What are you? 12?
I recently unearthed a shirt I had kept from when I was 12. And I mean unearthed in a literal sense. It’s like we kept all my stuff in a hole in the ground, in boxes made of pressed dirt, guarded by a legion of dirt people.
Yeah. Somebody looked at too many YM magazines. (I found a bunch of those, also, by the way.) YM was an incredibly effective resource in 6th grade. OBVIOUSLY...because I had all the boyfrienz.
Later I plan to “solve my boy probs” and complete 99 of the “101 ways to look and feel like a babe.” The full 101 just sounds over-indulgent. I would be like a babe eclipse. No man could ever look directly at me. Girlfriend don’t need that.
It doesn’t really look like much, but that shirt was a big deal. I am sure I kept it because it was my first legit “designer” shirt. It was Calvin Klein and from “that store” in the mall my mom never let me shop in because stuff was too expensive. That shirt alone was probably my gym shoes, underwear and my writing utensils for that school year. Me agreeing to a comprise like that for fashion would not surprise me. (Fast forward to a closet full of shoes and not owning my own living space.)
Anyway, finding that shirt, sadly, led to this. A quicker, cheaper, dorkier, awkwarder version of this: Irina Werning: Back To The Future, an awesome project my cousin clued me in to a few years ago.
Consensus: I really don’t look any different than I did 16 years ago. Put that shirt on me, tape my hair to my forehead for bangs, and it seems the only thing setting the two photos apart are my Stretch Armstrong limbs and the fact that I don’t Sun-In my hair anymore. Great.
I get it. People love to look younger when they’re older. I, however, have spent my life wanting to be older. I’m 28. I want to look 28. So, don’t even give me the “You’ll be glad about it when you’re old” spiel. No one wants to look 12. When I was 12 I didn’t want to look 12. So, I will not be taping my hair to my forehead and wearing that shirt. And when I stop for a pause I will not be making that pose. Woof.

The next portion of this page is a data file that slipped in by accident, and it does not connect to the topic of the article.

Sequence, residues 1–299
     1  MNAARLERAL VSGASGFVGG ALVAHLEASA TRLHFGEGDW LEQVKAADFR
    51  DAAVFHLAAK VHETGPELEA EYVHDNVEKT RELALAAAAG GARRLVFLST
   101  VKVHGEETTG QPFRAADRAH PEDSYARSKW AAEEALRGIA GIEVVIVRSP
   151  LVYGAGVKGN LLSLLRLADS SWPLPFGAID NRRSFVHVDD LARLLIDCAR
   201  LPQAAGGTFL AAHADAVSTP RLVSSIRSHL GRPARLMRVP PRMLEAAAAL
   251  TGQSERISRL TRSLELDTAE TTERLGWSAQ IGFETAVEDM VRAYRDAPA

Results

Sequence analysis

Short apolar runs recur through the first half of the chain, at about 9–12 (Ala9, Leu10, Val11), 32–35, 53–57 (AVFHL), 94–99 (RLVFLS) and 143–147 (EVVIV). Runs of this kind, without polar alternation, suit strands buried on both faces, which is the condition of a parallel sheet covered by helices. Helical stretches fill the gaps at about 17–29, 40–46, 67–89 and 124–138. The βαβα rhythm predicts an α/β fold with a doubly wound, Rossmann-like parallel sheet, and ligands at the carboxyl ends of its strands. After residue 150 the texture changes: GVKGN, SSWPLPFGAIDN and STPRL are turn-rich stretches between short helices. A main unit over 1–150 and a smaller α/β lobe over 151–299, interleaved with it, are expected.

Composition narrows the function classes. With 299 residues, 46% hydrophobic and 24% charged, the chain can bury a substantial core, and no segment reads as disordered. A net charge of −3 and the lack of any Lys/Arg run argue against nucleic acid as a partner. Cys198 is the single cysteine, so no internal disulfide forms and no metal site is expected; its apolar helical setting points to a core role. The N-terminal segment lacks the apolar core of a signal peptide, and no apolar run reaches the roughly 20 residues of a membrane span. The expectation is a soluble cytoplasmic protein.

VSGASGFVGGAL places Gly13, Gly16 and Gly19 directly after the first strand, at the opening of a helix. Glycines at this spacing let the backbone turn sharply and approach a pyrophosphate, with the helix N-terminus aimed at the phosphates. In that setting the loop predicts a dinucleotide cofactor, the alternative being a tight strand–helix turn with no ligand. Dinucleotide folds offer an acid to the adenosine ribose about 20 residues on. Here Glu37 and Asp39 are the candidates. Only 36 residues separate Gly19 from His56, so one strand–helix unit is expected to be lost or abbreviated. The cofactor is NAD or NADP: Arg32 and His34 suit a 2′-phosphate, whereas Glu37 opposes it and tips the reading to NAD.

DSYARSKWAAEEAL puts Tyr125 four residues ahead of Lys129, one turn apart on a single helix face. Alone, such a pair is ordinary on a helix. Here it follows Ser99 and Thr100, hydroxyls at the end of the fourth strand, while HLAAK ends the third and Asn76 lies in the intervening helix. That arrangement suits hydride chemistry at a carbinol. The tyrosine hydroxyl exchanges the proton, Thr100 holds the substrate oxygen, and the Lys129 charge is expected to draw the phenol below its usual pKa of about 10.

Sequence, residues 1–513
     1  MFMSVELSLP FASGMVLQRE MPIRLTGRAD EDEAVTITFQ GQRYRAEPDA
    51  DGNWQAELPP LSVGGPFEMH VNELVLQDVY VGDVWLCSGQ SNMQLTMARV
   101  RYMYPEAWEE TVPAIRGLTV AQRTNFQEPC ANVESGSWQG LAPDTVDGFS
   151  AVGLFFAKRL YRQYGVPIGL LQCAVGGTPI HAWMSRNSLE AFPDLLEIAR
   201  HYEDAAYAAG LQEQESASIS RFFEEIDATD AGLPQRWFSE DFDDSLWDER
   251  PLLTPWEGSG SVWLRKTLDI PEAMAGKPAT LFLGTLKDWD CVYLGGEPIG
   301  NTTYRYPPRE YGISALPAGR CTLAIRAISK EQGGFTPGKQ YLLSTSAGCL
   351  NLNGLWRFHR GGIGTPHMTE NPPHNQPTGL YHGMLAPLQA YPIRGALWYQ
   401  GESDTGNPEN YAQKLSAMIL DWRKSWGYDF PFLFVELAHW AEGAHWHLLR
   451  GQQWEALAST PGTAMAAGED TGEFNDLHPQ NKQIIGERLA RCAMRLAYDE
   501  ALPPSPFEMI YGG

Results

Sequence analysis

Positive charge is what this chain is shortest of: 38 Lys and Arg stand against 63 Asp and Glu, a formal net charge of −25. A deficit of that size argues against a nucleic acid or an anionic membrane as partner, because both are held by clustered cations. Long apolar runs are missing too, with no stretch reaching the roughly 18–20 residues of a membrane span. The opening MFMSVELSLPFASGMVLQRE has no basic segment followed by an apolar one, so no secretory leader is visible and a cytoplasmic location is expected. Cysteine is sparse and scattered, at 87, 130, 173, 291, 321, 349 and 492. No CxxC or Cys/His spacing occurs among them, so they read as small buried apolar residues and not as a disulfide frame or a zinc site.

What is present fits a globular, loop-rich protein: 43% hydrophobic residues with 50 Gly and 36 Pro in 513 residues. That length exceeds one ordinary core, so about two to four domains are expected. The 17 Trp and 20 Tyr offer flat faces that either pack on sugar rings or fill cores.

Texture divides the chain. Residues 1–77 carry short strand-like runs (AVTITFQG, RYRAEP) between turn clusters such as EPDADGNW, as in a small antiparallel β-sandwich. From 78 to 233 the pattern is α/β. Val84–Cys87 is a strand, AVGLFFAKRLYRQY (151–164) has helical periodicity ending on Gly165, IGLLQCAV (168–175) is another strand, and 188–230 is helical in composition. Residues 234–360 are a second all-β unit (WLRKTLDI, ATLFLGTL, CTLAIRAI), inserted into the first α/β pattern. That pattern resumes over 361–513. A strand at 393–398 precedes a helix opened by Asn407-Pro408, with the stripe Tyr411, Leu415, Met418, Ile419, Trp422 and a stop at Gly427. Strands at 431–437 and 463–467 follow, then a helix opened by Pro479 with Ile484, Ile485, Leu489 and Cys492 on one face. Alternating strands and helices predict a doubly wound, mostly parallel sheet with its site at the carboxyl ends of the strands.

That picture is a product of one of many “photoshoots” my friends and I had. We did a lot of weird things to pass the time in the summer. We were creative, I guess? Except for the fact that we resorted to lame backgrounds (i.e. the corner by the front door) and cliche poses (i.e. the pose above). A lot of token hand on hip. Sitting by a piano with a rose. Contemplative gazes into the distance.
We were the prehistoric version of girls today. The camera was film, you had one shot to get it right, you couldn’t review it and you didn’t post it onto a social network site with the caption “Model sesh with my bffs!! lololololol!” You charged the developing to your mom who would later be deeply perturbed that she spent $10 on 24 photos of just you and your friends doing nothing significant. Then they went in a photo album. A real one. With plastic sleeves. Rarely looked at again. And, thankfully, never to be dug up by searching the internet.
Selfies didn’t even exist in 1996. It was bizarre to hold your camera in front of your face and snap the photo. Still kind of is…ahem, person over there on the bench by herself passing the time with a selfie session. It makes me extremely uncomfortable for some reason. It’s like PDA…only the person they are making out with is their own self. Do I look away? Do I admire their publicly proclaimed love…for…their…face? It’s all very confusing. It’s like changing your shirt: do it in your own personal space.
I look at girls these days taking pictures in mirrors and get mildly concerned for their future. I also often get an overwhelming desire to fix their eyeliner. There is a fine line between a selfie and a self-portrait. It’s a tripod, a timer and background that isn’t a commentary on how much of a failure you are at cleaning your living environment. Next time you want a self shot, if you want, call your friend and stand by a tree or something. And for the love of Gisele, quit popping your hip and making the duck face! Your 28-year-old self will thank you.